Growing snow peas and sugar snaps in Western Australia

Page last updated: Wednesday, 21 October 2015 - 8:02am

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Snow peas and sugar snap peas can be grown throughout the year in the south west of Western Australia. The plants are not affected by frost, but flowers and pods may be damaged.

The plants are vigorous and trellising is necessary to manage the growth. Peas must be kept well-watered, particularly at flowering and pod development. Weed control is restricted to hand weeding and shallow cultivation along the pathways between rows.

Peas are self-pollinated and snow peas are harvested about 10 days after flowering.


Peas (Pisum sativum) are legumes (Fabaceae) and three main vegetable types are grown in Western Australia. Snow pea and sugar snap pea differ from the traditional garden pea in having less fibre in the pods and both pods and peas (seeds) may be eaten whole.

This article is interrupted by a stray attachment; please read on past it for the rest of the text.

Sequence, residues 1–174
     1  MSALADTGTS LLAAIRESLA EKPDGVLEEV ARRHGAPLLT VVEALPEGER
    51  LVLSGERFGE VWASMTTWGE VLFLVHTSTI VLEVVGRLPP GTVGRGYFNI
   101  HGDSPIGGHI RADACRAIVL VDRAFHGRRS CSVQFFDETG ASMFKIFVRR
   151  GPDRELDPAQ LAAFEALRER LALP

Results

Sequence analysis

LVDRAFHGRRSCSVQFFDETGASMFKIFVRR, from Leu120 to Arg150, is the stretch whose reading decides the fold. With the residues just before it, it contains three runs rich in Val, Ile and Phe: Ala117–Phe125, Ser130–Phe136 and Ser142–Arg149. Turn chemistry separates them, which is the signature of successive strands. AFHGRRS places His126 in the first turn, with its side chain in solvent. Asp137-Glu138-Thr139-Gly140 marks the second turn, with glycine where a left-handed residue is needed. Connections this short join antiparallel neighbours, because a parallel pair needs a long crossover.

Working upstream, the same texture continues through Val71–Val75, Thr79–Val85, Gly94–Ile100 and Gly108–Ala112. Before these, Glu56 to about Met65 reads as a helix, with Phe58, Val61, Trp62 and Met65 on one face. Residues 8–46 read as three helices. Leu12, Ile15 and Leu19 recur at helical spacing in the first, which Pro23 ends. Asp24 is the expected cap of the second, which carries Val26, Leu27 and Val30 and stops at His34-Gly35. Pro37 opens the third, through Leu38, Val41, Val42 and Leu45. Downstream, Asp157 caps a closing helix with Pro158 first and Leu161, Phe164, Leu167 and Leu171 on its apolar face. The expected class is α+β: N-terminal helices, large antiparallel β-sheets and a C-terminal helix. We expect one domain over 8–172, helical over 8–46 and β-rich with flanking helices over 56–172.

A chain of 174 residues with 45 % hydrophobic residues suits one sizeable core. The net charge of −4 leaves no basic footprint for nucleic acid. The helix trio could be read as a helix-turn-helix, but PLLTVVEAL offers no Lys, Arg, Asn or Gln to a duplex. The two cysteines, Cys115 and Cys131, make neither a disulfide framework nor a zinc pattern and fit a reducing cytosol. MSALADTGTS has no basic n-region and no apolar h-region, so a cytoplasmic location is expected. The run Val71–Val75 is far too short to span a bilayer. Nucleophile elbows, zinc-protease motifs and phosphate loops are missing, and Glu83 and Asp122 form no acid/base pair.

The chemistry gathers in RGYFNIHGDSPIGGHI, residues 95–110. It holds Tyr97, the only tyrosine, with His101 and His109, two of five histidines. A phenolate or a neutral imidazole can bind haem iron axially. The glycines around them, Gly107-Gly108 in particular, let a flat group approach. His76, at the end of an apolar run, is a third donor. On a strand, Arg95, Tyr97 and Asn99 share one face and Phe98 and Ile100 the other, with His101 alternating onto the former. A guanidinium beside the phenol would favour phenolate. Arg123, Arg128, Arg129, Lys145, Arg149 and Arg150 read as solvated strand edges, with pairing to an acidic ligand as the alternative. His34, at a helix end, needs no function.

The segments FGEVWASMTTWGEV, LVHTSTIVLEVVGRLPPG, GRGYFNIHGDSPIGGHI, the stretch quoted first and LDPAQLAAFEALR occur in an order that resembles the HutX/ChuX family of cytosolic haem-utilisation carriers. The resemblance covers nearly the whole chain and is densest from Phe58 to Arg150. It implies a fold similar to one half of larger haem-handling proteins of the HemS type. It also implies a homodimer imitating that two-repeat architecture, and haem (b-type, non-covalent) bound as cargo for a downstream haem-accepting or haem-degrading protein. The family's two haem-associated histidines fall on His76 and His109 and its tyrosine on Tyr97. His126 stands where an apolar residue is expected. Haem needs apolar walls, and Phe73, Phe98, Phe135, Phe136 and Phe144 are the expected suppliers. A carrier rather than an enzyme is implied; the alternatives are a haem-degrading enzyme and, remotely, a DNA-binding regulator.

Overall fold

Compared with garden peas, they produce better yields and quality under higher temperatures. They are a good source of fibre, vitamin A and vitamin C. They may be eaten raw, lightly boiled, steamed or used in stir-frys.

Snow peas are sweet and crisp and popular in Asian cooking. The shoots from established plants may also be used for Asian cooking and in salads.

The snow pea (Pisum sativum var. macrocarpon) is called ‘mange-tout’ in England and France, which means ‘eat-all’. The pod is flat and is eaten before the seeds develop and start to swell. The main growing area in Western Australia is Wanneroo.

The sugar snap pea (Pisum sativum var. saccharatum) snaps like a green bean. The edible pods have thick walls and are sweet. Unlike the snow pea, the sugar snap is picked more mature and is fully rounded.

Pea sprouts are also popular, especially in Asian cooking, and are often marketed as ‘snow pea sprouts’.


Contact information

Pest and Disease Information Service (PaDIS)
+61 (0)8 9368 3080